I was reading one of John Martignoni’s e-letters and he pointed out Gal 1:19 which I thought was pretty cool so I decided to post it here. Here is Gal 1:19,17nor did I go up to Jerusalem to see those who were apostles before I was, but I went immediately into Arabia and later returned to Damascus. 18Then after three years, I went up to Jerusalem to get acquainted with Peter and stayed with him fifteen days. 19I saw none of the other apostles—only James, the Lord’s brother.
So does this mean the apostle James was literally the blood brother of Jesus?
Lets check some other Scripture and see, Mark 3:16These are the twelve he appointed: Simon (to whom he gave the name Peter 17 James son of Zebedee and his brother John (to them he gave the name Boanerges, which means Sons of Thunder); 18Andrew, Philip, Bartholomew, Matthew, Thomas,** James son of Alphaeus**, Thaddaeus, Simon the Zealot 19and Judas Iscariot, who betrayed him.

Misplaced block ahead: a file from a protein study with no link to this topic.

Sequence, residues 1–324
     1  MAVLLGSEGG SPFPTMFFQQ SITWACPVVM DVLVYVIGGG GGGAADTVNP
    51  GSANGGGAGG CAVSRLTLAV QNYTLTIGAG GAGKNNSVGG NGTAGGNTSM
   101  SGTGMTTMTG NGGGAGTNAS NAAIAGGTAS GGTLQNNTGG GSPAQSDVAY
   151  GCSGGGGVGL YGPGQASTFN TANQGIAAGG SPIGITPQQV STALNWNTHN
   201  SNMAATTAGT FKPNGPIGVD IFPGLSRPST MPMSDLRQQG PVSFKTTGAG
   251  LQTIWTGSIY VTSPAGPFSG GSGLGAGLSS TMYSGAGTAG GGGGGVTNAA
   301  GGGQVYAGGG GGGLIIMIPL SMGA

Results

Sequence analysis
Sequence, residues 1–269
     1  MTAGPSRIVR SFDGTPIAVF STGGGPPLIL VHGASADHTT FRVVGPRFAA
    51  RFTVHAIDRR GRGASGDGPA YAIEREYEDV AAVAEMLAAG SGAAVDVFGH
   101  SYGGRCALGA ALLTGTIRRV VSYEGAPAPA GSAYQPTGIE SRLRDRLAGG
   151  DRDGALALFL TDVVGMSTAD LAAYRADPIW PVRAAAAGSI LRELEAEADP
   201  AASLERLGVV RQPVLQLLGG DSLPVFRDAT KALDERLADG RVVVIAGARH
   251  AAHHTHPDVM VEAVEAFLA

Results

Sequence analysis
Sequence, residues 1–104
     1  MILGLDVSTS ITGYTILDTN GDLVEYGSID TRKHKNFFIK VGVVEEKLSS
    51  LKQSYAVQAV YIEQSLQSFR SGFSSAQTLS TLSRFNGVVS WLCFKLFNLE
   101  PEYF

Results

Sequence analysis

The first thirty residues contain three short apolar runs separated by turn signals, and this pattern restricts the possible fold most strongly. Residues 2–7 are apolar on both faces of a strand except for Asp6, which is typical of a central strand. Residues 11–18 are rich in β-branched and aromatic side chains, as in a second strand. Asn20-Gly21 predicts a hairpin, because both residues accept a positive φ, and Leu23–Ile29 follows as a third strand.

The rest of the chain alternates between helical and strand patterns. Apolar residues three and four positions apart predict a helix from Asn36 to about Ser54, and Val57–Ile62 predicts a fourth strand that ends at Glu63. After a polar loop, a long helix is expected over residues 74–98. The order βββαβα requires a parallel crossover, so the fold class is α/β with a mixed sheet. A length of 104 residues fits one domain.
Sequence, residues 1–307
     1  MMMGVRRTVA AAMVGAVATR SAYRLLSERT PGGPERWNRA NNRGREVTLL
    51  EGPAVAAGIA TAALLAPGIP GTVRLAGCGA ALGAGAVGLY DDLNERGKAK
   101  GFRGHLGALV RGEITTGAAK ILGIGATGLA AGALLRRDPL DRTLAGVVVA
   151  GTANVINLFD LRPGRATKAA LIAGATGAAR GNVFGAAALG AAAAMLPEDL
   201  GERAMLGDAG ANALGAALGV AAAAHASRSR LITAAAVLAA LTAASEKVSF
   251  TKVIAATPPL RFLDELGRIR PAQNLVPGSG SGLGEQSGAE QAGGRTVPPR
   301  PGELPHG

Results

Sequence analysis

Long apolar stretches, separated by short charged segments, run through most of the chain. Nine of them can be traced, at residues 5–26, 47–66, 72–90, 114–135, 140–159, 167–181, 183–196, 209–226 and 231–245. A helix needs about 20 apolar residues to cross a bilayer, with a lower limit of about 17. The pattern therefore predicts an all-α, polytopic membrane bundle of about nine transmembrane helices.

Did you catch that? There were two apostles named James, but neither of them had a father named Joseph. Thus it is clear that the term “brother” is not necessarily a literal blood brother, but such a relation can, and in this case did, extend to cousins as it is clear from Gal 1:19.
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Funny thing is I didnt see this verse in the Catholic.com database.